BANGKOK – A US Treasury Department report issued on Thursday tagged Thailand along with nine other mostly Asian countries as a possible currency manipulator, notably at a time when the Bank of Thailand (BOT) is struggling and largely failing to keep the baht competitive against rival currencies.
On Thursday, the baht fell below 30 to the US dollar for the first time this year, an appreciation that worries Thai exporters who are already suffering from the global economic slowdown in demand caused by the pandemic and an already strong currency compared to regional rivals such as China and Vietnam.
The baht has appreciated more than 6% against the dollar since July 20, 2020, when it hovered at 31.8 to the dollar. The baht strengthened to 29.8 on December 17.
Vietnam was designated as a currency manipulator by the US Treasury Department, a shot across the bow of a nation that has arguably profited more than any other from the trade war. China was kept on a Treasury Department watch list of possible currency manipulators, along with Thailand, South Korea, Japan, India, Singapore and Malaysia.
US lame-duck President Donald Trump, in his latest parting policy shots, is threatening to morph his administration’s trade war into a wider currency war at a time the US dollar is declining against most Asian currencies.
Whether or not the incoming administration of President-elect Joe Biden will ease or reverse that pressure isn’t immediately clear from his early policy signals, say analysts.
Yet observers doubt that the Biden administration will brand Thailand as a currency manipulator, or that the US Treasury Department’s latest report will alter the baht’s upward trajectory.
“I actually don’t think it will affect the currency fundamentally, or create some policy change but it makes our policymakers hesitate more about direct intervention,” said Jitipol Puksamatanan, senior vice president at Chief Investment Office, SCBS, a think tank.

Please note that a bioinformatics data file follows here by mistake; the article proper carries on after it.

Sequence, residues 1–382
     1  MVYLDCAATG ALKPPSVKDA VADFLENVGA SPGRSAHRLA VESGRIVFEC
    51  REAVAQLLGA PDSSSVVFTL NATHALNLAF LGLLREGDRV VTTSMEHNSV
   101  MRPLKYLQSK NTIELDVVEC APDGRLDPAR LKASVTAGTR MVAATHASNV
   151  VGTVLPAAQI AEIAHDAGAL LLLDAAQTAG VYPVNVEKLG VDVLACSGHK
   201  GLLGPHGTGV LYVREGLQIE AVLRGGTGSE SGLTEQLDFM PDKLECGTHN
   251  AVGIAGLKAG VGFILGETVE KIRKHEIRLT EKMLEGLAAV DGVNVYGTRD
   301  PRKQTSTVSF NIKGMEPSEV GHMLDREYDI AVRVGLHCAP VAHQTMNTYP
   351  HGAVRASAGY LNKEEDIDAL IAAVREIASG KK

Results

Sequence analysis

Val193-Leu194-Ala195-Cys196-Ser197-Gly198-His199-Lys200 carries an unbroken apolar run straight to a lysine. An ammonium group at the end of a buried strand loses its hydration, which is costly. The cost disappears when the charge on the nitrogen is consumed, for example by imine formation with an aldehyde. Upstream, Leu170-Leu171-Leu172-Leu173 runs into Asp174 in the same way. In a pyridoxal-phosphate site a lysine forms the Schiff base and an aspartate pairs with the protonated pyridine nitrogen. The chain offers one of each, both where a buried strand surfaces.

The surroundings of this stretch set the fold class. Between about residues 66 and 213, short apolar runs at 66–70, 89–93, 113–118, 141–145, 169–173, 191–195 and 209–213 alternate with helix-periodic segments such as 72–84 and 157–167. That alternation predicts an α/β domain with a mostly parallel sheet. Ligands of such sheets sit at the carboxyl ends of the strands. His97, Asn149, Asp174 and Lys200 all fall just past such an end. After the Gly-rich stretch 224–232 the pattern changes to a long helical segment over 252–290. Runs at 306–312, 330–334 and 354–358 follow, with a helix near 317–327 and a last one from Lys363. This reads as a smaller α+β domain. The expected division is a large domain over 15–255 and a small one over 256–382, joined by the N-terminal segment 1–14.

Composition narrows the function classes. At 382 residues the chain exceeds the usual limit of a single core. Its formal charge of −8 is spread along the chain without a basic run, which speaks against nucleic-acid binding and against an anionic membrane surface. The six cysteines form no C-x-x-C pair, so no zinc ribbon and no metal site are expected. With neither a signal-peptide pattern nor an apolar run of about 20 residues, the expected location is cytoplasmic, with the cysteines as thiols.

The US Treasury Department sets three criteria for currency manipulation comprising – 1) notching up a trade surplus of more than $20 billion with the US, 2) a current account surplus exceeding 2% of GDP and 3) foreign exchange intervention exceeding 2% of GDP.
Thailand meets the trade criteria, having notched up a $21.7 billion trade surplus with the US in the first ten months of 2020, and its current account surplus this year, while on the decline, should well exceed 2% of GDP. It was 7% of GDP in 2019.
The US Treasury report acknowledged that the BOT’s net purchase of foreign exchange during the 12-month period ending June 2020 amounted to $10 billion, or 1.8% of GDP, below the 2% threshold.
Thailand’s foreign exchange reserves at the end of October were $236.6 billion, while public debt was a low 42% of GDP, favorable financial fundamentals that are contributing to the baht’s appreciation. So, too, presumably is Thailand’s relative success in containing the pandemic with under 4,300 overall cases and just 60 deaths.
The US Treasury Department had already launched a Section #301 currency manipulation investigation into Vietnam in October, but it’s formal designation as a manipulator, along with Switzerland, caught many by surprise.
Vietnam meets all three of the department’s criteria, with a trade surplus with the US exceeding $56 billion in the first ten months of 2020, a current account surplus of about 4% of GDP and accumulated foreign exchange reserves equal to 3% of GDP, according to unofficial estimates.